Guy de Maupassant Fullscreen Dear friend (1885)


Ought he not to see in this a kind of choice, a species of confession.

If she had thought of him just at the moment she was about to become a widow, it was perhaps that she had thought of one who was again to become her companion and ally?

An impatient desire to know this, to question her, to learn her intentions, assailed him.

He would have to leave on the next day but one, as he could not remain alone with her in the house.

So it was necessary to be quick, it was necessary before returning to Paris to become acquainted, cleverly and delicately, with her projects, and not to allow her to go back on them, to yield perhaps to the solicitations of another, and pledge herself irrevocably.

The silence in the room was intense, nothing was audible save the regular and metallic tick of the pendulum of the clock on the mantelpiece.

He murmured: "You must be very tired?"

She replied: "Yes; but I am, above all, overwhelmed."

The sound of their own voices startled them, ringing strangely in this gloomy room, and they suddenly glanced at the dead man's face as though they expected to see it move on hearing them, as it had done some hours before.

Duroy resumed: "Oh! it is a heavy blow for you, and such a complete change in your existence, a shock to your heart and your whole life."

She gave a long sigh, without replying, and he continued, "It is so painful for a young woman to find herself alone as you will be."

He paused, but she said nothing, and he again went on,

"At all events, you know the compact entered into between us.

You can make what use of me you will.

I belong to you."

She held out her hand, giving him at the same time one of those sweet, sad looks which stir us to the very marrow.

"Thank you, you are very kind," she said.

"If I dared, and if I could do anything for you, I, too, should say,

'You may count upon me.'"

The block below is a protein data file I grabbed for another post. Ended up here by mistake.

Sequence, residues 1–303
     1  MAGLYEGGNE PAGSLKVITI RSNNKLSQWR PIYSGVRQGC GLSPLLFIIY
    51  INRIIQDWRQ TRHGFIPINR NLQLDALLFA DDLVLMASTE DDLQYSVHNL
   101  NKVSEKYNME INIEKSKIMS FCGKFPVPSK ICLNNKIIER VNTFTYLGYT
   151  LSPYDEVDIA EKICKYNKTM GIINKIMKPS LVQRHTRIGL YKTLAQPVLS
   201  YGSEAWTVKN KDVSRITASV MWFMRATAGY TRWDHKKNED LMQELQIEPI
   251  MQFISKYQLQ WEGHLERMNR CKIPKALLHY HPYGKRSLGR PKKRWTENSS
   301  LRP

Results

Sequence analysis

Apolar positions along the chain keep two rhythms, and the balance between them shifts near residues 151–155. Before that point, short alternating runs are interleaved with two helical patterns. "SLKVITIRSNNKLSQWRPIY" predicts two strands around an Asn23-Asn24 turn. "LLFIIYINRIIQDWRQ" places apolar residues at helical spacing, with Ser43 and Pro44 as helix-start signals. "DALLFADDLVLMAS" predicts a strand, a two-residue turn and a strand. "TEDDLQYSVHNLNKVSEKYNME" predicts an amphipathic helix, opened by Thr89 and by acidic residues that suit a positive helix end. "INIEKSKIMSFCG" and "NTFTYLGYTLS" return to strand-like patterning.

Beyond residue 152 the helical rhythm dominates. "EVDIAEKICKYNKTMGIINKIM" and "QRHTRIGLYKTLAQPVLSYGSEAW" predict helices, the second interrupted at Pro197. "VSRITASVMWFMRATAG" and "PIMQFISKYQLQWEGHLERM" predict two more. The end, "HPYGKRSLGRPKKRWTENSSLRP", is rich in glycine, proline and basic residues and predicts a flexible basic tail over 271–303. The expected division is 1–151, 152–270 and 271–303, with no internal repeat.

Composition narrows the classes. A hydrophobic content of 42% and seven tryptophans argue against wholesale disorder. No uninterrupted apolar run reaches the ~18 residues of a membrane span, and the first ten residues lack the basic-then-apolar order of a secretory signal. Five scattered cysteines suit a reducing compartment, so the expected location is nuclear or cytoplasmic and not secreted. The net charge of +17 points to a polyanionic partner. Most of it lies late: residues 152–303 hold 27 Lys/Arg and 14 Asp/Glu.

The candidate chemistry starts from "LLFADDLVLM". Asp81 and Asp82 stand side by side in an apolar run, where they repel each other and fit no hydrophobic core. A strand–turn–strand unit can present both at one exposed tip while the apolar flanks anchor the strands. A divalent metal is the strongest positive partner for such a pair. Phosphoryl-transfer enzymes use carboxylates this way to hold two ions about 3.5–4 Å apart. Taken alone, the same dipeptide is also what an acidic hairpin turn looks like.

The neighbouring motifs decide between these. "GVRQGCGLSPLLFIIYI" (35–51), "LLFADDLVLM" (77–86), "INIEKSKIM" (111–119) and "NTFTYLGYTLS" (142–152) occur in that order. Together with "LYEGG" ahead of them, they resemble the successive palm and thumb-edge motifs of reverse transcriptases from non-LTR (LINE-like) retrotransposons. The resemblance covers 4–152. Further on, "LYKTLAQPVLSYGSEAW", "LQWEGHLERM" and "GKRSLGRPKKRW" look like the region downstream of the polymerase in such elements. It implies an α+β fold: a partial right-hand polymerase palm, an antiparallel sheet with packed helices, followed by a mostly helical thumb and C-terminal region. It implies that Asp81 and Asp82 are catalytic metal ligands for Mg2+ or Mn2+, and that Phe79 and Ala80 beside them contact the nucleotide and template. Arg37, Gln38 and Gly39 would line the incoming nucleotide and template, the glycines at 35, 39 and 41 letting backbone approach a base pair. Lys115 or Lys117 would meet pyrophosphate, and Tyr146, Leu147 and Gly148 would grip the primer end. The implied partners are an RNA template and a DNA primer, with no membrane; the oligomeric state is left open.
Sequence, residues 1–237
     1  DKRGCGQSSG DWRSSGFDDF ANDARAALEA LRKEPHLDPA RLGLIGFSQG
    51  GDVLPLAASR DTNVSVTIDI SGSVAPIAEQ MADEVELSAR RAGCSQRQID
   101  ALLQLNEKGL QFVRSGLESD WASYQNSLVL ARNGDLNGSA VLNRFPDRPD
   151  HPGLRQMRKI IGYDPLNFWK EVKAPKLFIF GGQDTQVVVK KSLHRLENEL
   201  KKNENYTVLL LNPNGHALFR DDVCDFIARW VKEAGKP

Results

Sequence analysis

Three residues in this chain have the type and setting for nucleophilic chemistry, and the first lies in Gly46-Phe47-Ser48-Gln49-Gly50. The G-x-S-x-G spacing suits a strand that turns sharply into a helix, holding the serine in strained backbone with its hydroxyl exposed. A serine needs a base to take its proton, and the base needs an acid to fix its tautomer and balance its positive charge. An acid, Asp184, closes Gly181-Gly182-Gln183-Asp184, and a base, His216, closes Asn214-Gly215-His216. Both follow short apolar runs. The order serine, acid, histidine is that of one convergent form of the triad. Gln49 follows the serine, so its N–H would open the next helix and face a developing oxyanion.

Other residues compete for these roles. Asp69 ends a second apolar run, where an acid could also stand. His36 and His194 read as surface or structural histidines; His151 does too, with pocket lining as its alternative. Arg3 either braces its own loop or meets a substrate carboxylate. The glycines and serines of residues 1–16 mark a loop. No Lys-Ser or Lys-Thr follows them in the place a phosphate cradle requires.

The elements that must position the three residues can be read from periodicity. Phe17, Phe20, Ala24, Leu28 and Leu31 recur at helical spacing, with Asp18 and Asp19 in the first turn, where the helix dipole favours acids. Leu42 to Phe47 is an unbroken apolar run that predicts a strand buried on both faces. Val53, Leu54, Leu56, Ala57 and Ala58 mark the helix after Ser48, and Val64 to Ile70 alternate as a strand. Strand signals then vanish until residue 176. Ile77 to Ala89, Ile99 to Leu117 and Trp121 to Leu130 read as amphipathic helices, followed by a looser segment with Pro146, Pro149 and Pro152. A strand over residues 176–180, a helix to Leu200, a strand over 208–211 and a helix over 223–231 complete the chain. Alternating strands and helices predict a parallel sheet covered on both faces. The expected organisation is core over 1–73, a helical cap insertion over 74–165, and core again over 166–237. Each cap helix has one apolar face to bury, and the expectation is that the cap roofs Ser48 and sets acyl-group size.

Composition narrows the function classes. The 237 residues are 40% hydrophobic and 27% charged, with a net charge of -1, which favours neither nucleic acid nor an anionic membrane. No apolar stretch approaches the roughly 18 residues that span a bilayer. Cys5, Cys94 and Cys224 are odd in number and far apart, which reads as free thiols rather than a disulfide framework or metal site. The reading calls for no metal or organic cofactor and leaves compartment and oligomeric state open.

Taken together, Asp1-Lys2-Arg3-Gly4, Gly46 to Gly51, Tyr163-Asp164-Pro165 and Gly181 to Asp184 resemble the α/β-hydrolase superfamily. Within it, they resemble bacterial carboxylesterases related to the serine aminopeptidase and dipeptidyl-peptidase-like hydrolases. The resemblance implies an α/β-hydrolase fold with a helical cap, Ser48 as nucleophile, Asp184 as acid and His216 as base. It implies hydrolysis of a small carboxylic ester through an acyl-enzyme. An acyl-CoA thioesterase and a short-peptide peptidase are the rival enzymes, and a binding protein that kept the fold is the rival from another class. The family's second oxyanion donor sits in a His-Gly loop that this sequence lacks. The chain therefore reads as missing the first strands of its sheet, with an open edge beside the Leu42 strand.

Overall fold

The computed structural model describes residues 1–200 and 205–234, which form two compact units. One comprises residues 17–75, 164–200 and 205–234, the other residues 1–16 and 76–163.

He had taken the proffered hand and kept it clasped in his, with a burning desire to kiss it.

He made up his mind to this at last, and slowly raising it to his mouth, held the delicate skin, warm, slightly feverish and perfumed, to his lips for some time.

Then, when he felt that his friendly caress was on the point of becoming too prolonged, he let fall the little hand.

It sank back gently onto the knee of its mistress, who said, gravely: "Yes, I shall be very lonely, but I shall strive to be brave."

He did not know how to give her to understand that he would be happy, very happy, to have her for his wife in his turn.

Certainly he could not tell her so at that hour, in that place, before that corpse; yet he might, it seemed to him, hit upon one of those ambiguous, decorous, and complicated phrases which have a hidden meaning under their words, and which express all one wants to by their studied reticence.

But the corpse incommoded him, the stiffened corpse stretched out before them, and which he felt between them.

For some time past, too, he fancied he detected in the close atmosphere of the room a suspicious odor, a foetid breath exhaling from the decomposing chest, the first whiff of carrion which the dead lying on their bed throw out to the relatives watching them, and with which they soon fill the hollow of their coffin.

"Cannot we open the window a little?" said Duroy.

"It seems to me that the air is tainted."

"Yes," she replied,

"I have just noticed it, too."

He went to the window and opened it.

All the perfumed freshness of night flowed in, agitating the flame of the two lighted candles beside the bed.

The moon was shedding, as on the former evening, her full mellow light upon the white walls of the villas and the broad glittering expanse of the sea.

Duroy, drawing in the air to the full depth of his lungs, felt himself suddenly seized with hope, and, as it were buoyed up by the approach of happiness.

He turned round, saying: "Come and get a little fresh air.

It is delightful."

She came quietly, and leant on the window-sill beside him.

Then he murmured in a low tone: "Listen to me, and try to understand what I want to tell you.

Above all, do not be indignant at my speaking to you of such a matter at such a moment, for I shall leave you the day after to-morrow, and when you return to Paris it may be too late.

I am only a poor devil without fortune, and with a position yet to make, as you know.

But I have a firm will, some brains I believe, and I am well on the right track.

With a man who has made his position, one knows what one gets; with one who is starting, one never knows where he may finish.

So much the worse, or so much the better.

In short, I told you one day at your house that my brightest dream would have been to have married a woman like you.

I repeat this wish to you now.

Do not answer, let me continue.

It is not a proposal I am making to you.

The time and place would render that odious.

I wish only not to leave you ignorant that you can make me happy with a word; that you can make me either a friend and brother, or a husband, at your will; that my heart and myself are yours.